Wednesday, February 29, 2012

Your game, now starring your friends!

A new trend is creeping into videogames. A trend that may well change the way we all play. But, more importantly, a trend that could really ONLY have come from videogames, being that they are essentially on the cusp of new technologies as part of their very nature.

Back in the old days, if we were really good at a game we could brag about it on a high score table. However, this was limited to the locality of the machine itself. When I topped the board on my ZX Spectrum copy of Paperboy, the only person who got to see my triumph was my sister. And she didn't care, being much more interested in her Cindy dolls. Some of the guys at school claimed they could beat me, but we never really developed this beyond the rivalry of words.

Things have changed drastically since the 1980's, of course. These days, I know exactly how poor my score in Geometry Wars is compared to those of my online friends, as well as how lacking in any kind of skill some of them also are. I can be proud that my Crazy Jump in Crazy Taxi on the XBox 360 is the 14th longest one recorded in the world, as well as be annoyed that it is no longer 2nd. Even better, because I am connected to XBox Live every time I switch my console on, I can tell if any of my friends are playing the game. Not that they do, but if they were, and tried to beat me ... I could attempt to do something about it.

It could be better. There could be a system by which I get informed when my distance gets beaten, perhaps?

There now is. The dedicated Mario Kart channel on the Wii allowed me to send a ghost recording of my best time trial performances to any of my friends, thus letting them try their luck against me. But, it depended upon me bothering to send it, them bothering to download it, and even upon us bothering to add each other in the first place thanks to Nintendo being absolutely terrified that somewhere in the world a paedophile might be using one of their consoles and therefore making the whole process so needlessly laborious. EA saw this, and thought "We could do better!", and thus set about including their idea in Need for Speed: Hot Pursuit. Autolog was born, and it was BLOODY MARVELLOUS!

In Autolog, every time you do anything it is recorded and, more importantly, reported to all your friends. If someone beat you, you found out about it, and were actively encouraged to DO SOMETHING about this affront to your dignity! This additional layer of social interaction added to what was already a great game, and Autolog was considered to be a success. So much so, that EA have since included itt evolution in the new SSX title.

Now named "Ridernet", it still does everything that Autolog did. However, it now also records ghosts of your friends performances along with the time and score information. Even better, it automatically displays them when you go down a slope, so that you can see just how far behind the leader you actually are. It is particularly handy as a teaching tool, to show you the best lines. But the real genius is in how it has the potential to completely alter how we think about multiplayer gaming.

Now, it is theoretically possible for me to race you down a mountain, but to do so without ever once being online at the same time as you. In effect, we can stagger our times, so that you race at a time convenient to you, and I do the same for me. Our ghosts are recorded, and any time I beat you YOU FIND OUT ABOUT IT. A similar thing is happening in PlayStation Vita launch title Motorstorm RC, in which I not only see the ghosts of friends who are beating me, but also that of random others who are faster than me.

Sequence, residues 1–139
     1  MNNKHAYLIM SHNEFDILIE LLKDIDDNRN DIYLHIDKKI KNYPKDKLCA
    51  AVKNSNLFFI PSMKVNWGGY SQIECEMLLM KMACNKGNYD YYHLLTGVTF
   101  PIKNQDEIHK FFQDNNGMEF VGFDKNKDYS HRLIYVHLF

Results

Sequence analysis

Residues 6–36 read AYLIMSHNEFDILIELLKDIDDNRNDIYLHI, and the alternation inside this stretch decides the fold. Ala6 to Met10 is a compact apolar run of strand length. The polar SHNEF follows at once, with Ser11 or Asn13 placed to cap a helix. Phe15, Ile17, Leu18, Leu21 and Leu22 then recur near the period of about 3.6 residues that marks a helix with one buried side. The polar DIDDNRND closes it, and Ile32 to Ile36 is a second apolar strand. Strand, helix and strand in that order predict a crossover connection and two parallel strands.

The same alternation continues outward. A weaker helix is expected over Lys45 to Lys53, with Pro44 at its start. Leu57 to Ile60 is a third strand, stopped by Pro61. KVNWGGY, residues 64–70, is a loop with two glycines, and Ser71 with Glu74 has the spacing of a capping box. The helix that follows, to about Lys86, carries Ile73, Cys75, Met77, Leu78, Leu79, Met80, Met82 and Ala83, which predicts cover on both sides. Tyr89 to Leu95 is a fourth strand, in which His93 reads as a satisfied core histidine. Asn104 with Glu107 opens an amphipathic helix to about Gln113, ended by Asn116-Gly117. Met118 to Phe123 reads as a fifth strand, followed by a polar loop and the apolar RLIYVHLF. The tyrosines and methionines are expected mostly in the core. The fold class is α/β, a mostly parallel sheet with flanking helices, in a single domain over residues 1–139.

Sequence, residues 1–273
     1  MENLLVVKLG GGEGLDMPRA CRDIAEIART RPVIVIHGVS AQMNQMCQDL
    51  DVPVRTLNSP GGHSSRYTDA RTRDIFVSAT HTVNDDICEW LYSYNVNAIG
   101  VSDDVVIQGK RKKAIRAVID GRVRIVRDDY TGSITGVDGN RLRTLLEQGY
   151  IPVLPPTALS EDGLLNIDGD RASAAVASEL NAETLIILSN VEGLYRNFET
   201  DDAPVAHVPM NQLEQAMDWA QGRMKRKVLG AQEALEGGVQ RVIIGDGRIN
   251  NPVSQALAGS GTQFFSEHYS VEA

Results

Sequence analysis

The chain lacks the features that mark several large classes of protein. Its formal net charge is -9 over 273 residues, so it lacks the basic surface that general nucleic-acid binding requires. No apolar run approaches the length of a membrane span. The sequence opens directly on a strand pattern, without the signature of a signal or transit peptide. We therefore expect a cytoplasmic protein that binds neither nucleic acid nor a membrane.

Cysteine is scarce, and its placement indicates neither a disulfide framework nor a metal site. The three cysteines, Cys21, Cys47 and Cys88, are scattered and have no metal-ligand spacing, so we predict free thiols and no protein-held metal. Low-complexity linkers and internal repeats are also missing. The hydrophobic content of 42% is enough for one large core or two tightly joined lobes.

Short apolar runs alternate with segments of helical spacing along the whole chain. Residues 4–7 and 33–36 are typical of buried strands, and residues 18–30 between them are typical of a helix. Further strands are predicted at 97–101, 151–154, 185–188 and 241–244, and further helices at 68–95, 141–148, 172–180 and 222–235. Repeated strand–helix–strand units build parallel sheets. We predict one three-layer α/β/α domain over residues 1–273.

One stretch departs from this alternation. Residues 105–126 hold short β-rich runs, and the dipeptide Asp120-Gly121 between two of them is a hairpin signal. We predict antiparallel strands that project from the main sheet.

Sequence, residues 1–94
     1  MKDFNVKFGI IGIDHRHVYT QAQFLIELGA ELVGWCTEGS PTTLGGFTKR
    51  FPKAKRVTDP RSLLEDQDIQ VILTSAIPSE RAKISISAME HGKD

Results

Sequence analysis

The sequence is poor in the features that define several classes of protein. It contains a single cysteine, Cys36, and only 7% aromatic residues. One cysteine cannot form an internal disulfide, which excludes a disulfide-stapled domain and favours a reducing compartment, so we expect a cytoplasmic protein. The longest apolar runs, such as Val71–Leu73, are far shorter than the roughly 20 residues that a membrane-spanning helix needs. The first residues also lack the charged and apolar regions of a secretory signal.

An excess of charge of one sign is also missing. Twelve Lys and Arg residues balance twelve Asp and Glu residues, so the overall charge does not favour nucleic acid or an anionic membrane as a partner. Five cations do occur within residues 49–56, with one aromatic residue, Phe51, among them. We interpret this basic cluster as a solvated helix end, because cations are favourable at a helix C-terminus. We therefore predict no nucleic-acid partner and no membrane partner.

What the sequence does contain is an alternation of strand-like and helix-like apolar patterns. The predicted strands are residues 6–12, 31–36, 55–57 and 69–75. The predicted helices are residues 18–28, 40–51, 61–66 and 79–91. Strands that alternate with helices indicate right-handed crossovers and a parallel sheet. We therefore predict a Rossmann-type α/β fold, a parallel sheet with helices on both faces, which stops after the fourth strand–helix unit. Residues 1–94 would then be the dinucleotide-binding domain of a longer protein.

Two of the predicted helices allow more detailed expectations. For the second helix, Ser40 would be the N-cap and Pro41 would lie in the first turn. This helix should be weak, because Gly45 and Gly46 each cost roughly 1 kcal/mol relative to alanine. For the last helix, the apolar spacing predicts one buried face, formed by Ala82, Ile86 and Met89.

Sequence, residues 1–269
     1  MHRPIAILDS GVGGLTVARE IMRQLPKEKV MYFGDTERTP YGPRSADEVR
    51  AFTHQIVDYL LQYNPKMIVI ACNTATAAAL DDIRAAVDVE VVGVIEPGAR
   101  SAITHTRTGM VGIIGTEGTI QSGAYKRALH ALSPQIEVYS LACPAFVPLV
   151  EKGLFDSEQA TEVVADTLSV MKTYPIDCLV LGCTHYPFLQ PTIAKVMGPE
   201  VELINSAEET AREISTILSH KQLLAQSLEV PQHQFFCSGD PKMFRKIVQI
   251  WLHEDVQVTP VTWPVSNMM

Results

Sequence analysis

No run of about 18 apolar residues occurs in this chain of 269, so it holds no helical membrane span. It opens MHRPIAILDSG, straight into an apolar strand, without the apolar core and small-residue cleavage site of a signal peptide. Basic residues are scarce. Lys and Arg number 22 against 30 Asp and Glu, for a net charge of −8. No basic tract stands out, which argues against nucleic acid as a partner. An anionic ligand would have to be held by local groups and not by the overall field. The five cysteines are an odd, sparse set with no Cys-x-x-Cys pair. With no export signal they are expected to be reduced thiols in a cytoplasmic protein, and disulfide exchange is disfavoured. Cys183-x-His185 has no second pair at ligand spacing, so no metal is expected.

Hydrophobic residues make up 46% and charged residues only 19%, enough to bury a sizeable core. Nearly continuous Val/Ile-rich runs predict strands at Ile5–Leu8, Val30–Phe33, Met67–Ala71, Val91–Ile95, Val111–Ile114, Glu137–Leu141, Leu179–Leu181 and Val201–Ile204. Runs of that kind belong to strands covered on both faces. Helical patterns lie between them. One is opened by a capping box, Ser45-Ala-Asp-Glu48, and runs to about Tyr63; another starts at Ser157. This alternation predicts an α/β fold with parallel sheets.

Back in the 80's? I would have SO been all over this! Because, when that kid who nobody liked said he had scored a million on Space Invaders, he would have not only been able to back it up, we all would have been able to see him do it.

Don't get me wrong, I totally understand how challenge is not for everybody. Some don't care about being the best, just about finishing the game. Some are happy to play on Easy, just to finish the story. To these people, this friendly level of competition may well get them interested in pushing a little harder, doing a little more, playing a little deeper. And, if not, they can always just not sign into it.

Things get more interesting when you hear what Capcom are doing with the upcoming Dragon's Dogma. In this game, you don't actually get to play with friends. All multiplayer is actually you with 3 AI companions. Where it gets interesting is that said AI companions will consist of people on your friends list. The AI will earn experience and impart knowledge and rewards on your behalf WITHOUT YOU EVEN PLAYING! If I get to fight a monster, and learn how to beat it, my AI can let you know this should you come across the same monster whilst I am in bed or out doing other stuff. Whilst this might not be as much fun as actually playing together, it will certainly prove useful to my friends on the other side of the world to me, or to those with antisocial working hours. Plus, I play a LOT of games, so the chance for the game to do some grinding on my behalf whilst I investigate another title is most welcome.

This also hints at further possibilities. There is still a massive market for singleplayer game experiences. Imagine how much better these would all be if they were tailored to your playstyle, and that of your friends? NPCs in RPGs could be based on your colleagues, acting as they would in the same situation. Instead of Lydia looking at me with contempt as she utters "I am sworn to carry your burdens.", how much better would it be for it to be my girlfriend, in armour she crafted herself, responding in character? (Admittedly, whoever got me as a companion may well tire of me teabagging dead enemies, or jumping and rolling everywhere instead of walking, but ... well, I'll never stop PLAYING while I play. You know?)